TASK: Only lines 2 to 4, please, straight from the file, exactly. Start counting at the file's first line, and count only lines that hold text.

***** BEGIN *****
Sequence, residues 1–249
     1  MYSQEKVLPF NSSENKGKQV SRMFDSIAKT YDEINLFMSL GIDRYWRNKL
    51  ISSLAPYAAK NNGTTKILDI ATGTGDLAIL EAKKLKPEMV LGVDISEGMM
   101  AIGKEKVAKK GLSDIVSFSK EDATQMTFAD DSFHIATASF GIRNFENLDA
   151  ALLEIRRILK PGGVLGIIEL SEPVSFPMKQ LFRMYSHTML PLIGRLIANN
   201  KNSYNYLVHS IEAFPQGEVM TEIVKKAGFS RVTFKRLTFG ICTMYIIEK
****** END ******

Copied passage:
     1  MYSQEKVLPF NSSENKGKQV SRMFDSIAKT YDEINLFMSL GIDRYWRNKL
    51  ISSLAPYAAK NNGTTKILDI ATGTGDLAIL EAKKLKPEMV LGVDISEGMM
   101  AIGKEKVAKK GLSDIVSFSK EDATQMTFAD DSFHIATASF GIRNFENLDA